a. Income Approach
Capitalization of Earnings and Discounted Future Earnings.
b. Market Approach
Price to Earnings, Price to Revenue, Price to Gross Cash Flow, Price to Cash Flow from Operations, Price to Seller’s Discretionary Cash Flow, Price to Dividends, Price to Book Value, Price to Total Assets and Price to Stockholders’ Equity.
c. Asset & Other
Capitalization of Excess Earnings & Multiple of Discretionary Earnings.
8. Selected the most reasonable Total Entity Value from the range of values established in the business valuation methods and then applied any appropriate discounts to arrive at our conclusion of the estimated Fair Market Value of the interest.
The income figures from the tax return will accurately represent revenue from all sources. However, the expenses taken make the tax return unsuitable for presentation elsewhere. Items such as depreciation, discretionary spending, owner’s perks and pensions lower the net profit figures, sometimes past zero on tax returns. Presenting a buyer or a bank with a financial statement showing a small or no profit is simply unacceptable when selling a business or applying for credit or a mortgage. Buyers are not likely to purchase a business that has minimum profit or losses on a tax return. Banks will lend borrower money with adverse information only in limited situations.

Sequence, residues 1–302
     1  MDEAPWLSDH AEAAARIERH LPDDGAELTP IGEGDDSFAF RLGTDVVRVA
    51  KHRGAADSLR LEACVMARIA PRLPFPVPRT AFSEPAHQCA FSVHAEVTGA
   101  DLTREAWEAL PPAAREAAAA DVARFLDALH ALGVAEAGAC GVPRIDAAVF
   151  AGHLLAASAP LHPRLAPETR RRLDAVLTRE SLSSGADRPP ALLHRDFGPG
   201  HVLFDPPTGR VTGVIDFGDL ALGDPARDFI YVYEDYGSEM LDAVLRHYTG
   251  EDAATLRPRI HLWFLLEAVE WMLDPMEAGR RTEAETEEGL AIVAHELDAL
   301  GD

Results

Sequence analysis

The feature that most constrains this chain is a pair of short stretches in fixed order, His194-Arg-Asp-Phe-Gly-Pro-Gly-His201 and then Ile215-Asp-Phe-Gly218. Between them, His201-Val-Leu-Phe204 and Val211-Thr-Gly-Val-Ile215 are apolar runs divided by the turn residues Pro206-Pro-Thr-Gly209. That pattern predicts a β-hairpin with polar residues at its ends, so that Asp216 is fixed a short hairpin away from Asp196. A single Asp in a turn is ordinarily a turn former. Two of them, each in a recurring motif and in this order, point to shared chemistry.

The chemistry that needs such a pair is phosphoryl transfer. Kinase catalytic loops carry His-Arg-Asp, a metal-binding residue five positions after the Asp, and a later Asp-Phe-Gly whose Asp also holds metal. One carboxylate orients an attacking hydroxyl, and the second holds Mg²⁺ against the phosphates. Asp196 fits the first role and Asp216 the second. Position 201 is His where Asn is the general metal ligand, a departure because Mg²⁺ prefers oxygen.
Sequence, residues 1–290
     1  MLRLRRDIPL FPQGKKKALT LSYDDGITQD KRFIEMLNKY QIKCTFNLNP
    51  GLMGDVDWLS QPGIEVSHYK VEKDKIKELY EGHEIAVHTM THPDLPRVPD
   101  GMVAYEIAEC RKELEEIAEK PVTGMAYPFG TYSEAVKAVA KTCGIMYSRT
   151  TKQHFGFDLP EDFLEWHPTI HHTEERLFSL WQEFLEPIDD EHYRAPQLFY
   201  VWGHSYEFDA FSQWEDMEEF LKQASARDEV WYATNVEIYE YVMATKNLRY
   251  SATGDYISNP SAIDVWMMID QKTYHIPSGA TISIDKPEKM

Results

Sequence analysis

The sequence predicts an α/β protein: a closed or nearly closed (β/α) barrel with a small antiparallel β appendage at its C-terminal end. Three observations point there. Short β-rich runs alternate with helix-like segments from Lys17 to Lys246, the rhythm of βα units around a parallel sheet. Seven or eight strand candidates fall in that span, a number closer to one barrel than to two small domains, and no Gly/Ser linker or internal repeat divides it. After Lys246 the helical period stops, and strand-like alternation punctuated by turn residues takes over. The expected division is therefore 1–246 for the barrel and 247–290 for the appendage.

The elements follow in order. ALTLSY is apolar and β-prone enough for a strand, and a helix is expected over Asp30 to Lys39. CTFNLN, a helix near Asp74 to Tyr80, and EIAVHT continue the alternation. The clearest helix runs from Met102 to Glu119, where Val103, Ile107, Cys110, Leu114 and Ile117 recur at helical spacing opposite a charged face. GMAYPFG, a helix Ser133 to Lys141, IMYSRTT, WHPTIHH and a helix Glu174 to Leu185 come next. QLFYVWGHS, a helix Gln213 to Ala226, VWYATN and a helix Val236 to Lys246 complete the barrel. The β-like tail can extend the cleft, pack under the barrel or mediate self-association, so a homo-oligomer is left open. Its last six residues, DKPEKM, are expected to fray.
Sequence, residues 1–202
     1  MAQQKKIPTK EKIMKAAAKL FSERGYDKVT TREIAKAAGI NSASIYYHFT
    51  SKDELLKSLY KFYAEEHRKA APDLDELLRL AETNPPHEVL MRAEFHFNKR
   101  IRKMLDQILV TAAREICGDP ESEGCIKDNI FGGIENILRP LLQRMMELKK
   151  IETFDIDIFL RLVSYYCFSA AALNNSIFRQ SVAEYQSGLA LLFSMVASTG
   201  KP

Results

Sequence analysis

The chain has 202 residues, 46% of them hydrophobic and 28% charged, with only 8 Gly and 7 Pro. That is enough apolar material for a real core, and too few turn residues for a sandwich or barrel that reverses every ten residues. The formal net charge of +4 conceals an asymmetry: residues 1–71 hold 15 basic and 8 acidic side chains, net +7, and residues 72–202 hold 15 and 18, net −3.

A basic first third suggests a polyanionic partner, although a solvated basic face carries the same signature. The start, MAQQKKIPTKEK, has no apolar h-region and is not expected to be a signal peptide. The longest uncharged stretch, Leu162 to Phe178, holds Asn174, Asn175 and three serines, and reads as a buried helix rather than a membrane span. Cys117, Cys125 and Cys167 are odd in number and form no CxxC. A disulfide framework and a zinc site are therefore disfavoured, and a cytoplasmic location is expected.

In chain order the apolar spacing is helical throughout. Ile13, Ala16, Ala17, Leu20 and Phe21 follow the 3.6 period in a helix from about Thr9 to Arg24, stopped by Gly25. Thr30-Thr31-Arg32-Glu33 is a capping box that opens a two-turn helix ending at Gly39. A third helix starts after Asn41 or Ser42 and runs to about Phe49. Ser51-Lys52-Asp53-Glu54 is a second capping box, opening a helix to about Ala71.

The result of recasting the income in this scenario is that the re-casted income statement will show a true representation of the business, more than likely with more favorable numbers for the seller, buyer and lender. In order to recast financial statements, the following items should be adjusted to reflect reality: owner salaries, nonrecurring expenses and income, investments and non-operating expenses, interest payments, depreciation expense, rent expense, discretionary expenses, and pensions. The result will be a more accurate and reliable presentation of income that a bank or buyers can use to gauge the activity of the business and that an owner can use to make better business decisions
Calculation Of EBIDTA
Information Source Tax Return